provide a social security number at account opening. As to the timing of obtaining the identification number, the Rule provides that in those circumstances in which a person has applied for, but has not yet received a TIN, a bank’s CIP may provide for procedures to confirm that the TIN has been applied for and that the TIN is received within a reasonable period of time after the account is opened.
Because there is no uniform identification number that non-U.S. persons are able to provide to a bank, a bank has the option to obtain a variety of identification numbers from non-U.S. persons, including passport numbers and country of issuance and alien identification numbers. A bank must decide for itself, based upon appropriate risk factors, whether the information presented by the customer enables the bank to establish a reasonable belief that it knows the true identity of the customer.
The Rule requires that bank’s CIP contain procedures for identity verification. Verification may be through such things as an unexpired driver’s license or passport. For an entity, verification may include things such as certified articles of incorporation, a partnership agreement or a trust instrument. For those accounts that are opened by telephone, mail or over the Internet, a CIP must contain procedures that describe the methods the bank will use to verify identification. Acceptable verification methods include contacting a customer, or independently verifying the customer’s identity by comparing information provided by the customer with that obtained from a consumer reporting agency.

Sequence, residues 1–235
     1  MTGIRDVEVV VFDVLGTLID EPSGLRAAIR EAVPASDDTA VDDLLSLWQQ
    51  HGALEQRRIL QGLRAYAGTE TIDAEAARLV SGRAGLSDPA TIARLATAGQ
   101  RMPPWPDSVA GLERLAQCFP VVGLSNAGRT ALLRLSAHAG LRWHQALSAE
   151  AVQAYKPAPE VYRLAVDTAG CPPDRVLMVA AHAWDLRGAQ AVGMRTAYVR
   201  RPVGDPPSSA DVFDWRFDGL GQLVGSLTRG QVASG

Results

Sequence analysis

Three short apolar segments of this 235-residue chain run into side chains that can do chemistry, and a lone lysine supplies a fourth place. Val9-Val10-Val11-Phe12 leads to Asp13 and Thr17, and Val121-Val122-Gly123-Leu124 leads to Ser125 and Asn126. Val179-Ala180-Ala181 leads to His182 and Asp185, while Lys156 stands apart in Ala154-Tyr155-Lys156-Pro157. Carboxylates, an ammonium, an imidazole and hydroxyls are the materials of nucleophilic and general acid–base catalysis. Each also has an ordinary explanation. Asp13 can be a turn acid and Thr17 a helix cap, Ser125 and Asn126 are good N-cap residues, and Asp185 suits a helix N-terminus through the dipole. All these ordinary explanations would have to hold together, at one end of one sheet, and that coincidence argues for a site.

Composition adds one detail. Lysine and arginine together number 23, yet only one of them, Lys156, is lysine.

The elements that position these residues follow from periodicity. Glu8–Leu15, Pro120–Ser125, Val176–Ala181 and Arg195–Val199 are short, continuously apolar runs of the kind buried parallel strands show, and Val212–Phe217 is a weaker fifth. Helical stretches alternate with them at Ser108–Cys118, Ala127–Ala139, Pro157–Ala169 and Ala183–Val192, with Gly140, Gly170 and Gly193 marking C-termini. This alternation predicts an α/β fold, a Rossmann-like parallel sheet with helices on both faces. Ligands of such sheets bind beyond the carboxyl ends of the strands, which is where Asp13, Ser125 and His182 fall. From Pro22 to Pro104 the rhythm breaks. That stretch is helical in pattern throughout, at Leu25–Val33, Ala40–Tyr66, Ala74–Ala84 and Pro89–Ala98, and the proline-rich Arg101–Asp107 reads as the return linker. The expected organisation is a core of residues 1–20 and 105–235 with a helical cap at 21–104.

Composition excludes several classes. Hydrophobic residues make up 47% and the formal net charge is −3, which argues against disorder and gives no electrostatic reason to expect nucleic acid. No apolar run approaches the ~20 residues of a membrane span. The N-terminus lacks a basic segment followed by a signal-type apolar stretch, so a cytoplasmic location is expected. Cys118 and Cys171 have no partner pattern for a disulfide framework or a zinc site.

Recordkeeping and Record Retention Requirements
CIPs must include procedures for making and maintaining a record of the identifying information, a description of any documents relied upon (including type of document, identification number, place of issuance, and if any, date of issuance and expiration date) a description of the methods used to verify the identity and a description of the resolution of any discrepancy. The identifying information must be retained for five years after the date the account is closed, or in the case of credit card accounts, five years after the account is closed or becomes dormant. All other information required by the CIP must be retained for five years after the record is made.
Comparing with Government Lists of Known or Suspected Terrorists
CIPs must include procedures for determining whether the customer appears on any list of known or suspected terrorists or terrorist organizations issued by any Federal government agency within a reasonable time after the account is opened, if not earlier required by another Federal law or directive. The Agencies have noted that lists that banks must check in order to comply with this provision have not yet been designated, and therefore, as yet, banks do not have an affirmative duty to seek out all lists of known or suspected terrorists for purposes of their CIP. Banks will receive notification by way of separate Agency guidance regarding the lists to be consulted.